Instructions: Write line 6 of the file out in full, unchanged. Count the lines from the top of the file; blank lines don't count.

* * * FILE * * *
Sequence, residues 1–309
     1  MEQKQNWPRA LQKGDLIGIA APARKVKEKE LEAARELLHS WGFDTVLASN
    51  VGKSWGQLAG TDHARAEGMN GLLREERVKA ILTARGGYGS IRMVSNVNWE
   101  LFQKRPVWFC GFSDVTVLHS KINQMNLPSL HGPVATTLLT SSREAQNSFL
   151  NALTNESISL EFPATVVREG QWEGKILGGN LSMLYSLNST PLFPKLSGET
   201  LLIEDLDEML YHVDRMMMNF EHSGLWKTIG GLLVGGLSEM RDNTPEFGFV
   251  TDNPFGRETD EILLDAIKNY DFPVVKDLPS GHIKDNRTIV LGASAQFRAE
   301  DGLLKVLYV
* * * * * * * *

   201  LLIEDLDEML YHVDRMMMNF EHSGLWKTIG GLLVGGLSEM RDNTPEFGFV